This is yet another week that I haven't got much done writing-wise. I had planned on this week being FebruWriMo, with all the attendant NaNoWriMo type word-frenzyness. Frenziness. Whatever. Point being, that hasn't happened. I say "happened", as though their was some sort of mystical waiting-and-hoping process here. Truth is, I have not done the work, because I have chosen to spend my time on other pusrsuits. Mea culpa.
Just like last week, I'm not particularly keen on beating up on myself for my lapses. I've tried guilting myself into accomplishing more, and it doesn't work (for me anyway, might be a wonderful tool for you.) Instead, I'm going to spend some time talking about some of the awesomeness I've been consuming lately.
First up--Little Brother by Cory Doctorow. I just stated listenin to this on audiobook yesterday. I'm only about a third in, so this isn't a full endorsement, but so far, so awesome. I have enjoyed Doctorow's short fiction in the past, most notoably on Starship Sofa (great podcast for SF fans, BTW). One thing I've picked up on about his work though is that his endings are often meh. I'm really hoping he works harder on the ending of this book, since it's novel length and all, because I'm really digging the story. Good stuff. I'm planning on checking out some of his other novels now, because I am liking this one so much.
In the same vein, I just finished listening to Ready Player One by Ernest Cline, read by Wil Wheaton. This book was really good as well. The writing was not as polished, definitely reading like a first novel. The characters and plot were decent but nothing amazing. The 80's nostalgia was absolutely outstanding, and the whole reason to read what would be an otherwise average book. If you grew up playing Atari 2600 and Advanced Dungeons and Dragons, this is the book for you. Plus, Wheaton does a great job with the reading, so I definitely recommend the audiobook version over the text version.
I'vebeen watching a ton of the old Mega Man cartoon with my son lately. For no comprehensible reason, he is absolutely in love with it. It took him all of two or three days to start singing along with the theme song, and the show is now the only thing he wants to watch. I find it to be a good dose of cheesy, retro fun. It's not really well-animated, the plots are thin, and on and on. It does feel true to the early entries in the videogames series, at least enough to satisisfy me. Despite it's flaws, I quite like it.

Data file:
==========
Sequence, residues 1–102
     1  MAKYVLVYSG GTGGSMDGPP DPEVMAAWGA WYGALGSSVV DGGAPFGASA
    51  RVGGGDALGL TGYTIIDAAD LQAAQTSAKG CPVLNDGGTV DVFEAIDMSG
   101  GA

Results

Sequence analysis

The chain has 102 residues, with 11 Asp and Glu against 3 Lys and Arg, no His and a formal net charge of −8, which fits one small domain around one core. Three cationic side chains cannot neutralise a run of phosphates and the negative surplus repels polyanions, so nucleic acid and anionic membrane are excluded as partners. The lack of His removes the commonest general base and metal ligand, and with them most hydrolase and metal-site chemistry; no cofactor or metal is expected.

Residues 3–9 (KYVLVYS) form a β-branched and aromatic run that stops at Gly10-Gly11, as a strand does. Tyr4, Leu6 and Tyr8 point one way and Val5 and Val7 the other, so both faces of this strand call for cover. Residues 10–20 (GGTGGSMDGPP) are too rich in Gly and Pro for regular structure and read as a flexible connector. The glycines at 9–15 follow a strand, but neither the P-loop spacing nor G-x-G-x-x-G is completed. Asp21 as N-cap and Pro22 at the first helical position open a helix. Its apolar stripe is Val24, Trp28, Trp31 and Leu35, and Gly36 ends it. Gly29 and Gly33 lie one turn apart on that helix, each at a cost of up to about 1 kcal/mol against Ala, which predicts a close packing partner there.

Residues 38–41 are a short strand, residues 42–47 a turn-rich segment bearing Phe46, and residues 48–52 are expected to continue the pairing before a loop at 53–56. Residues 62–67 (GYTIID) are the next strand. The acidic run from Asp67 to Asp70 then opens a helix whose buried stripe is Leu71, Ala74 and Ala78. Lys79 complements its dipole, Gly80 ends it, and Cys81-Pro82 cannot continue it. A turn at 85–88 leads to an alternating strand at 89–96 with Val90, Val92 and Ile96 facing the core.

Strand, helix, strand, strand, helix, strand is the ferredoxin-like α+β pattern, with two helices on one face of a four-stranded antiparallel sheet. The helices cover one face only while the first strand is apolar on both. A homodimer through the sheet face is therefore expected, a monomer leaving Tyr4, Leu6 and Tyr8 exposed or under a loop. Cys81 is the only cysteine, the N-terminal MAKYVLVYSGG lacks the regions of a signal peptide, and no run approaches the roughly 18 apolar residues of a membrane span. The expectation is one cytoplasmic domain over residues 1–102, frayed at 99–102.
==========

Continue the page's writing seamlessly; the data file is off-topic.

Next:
On the subject of robots, I just had the chance to watch Real Steel. As an exercise in Hollywood unreality, it was pitch-perfect. Except for the incredibly silly yet undeniably fun robot-boxing theme, it could have been any estranged-father/son-triumphantly-reconcile movie ever made. Totally forgettable, but worth watching exactly once to see the robots beat the tar out of each other. SF geeks who need quibbling details like control schemes that make sense, tech that is in any way plausible, or even such minor details as fully developed characters need not apply.
I've been spending a huge amount of time on another sort of robot, an Android, if you will. The tablet that gave me so much grief trying to do a blog on the soft keyboard the other day has proven itself to be a compelling gaming machine. I have had many late nights lately, lying in bed playing Triple Town, Base Defense HD, and various and sundry other games. Between the stuff that is available for free on the Android Market, and Amazon's free-app-of-the-day, I have yet to spend any money on software. But my tablet (Iconia A500) is very close to replacing my laptop, already. As the software development sector matures over the next few years, I don't see any reason it won't.
I do really wish I could dual-boot Ubuntu on my tablet. One thing I really don't like about Android is how much stuff the OS tries to hide from the end-user. The insistence of manufacturers on trying to keep consumers from having root access to their own machines in furtherence of this is annoying as well. I haven't rooted my A500 yet because the process looks like a pain, but I am sure I will sooner or later. I really wish Acer hadn't made it such a nuisance in the first place; that attitude is very customer-unfriendly. Even so, I do really like the tablet. Full-sized USB port for the win.
I can't think of anything else, so I guess I am done for the week. See you next time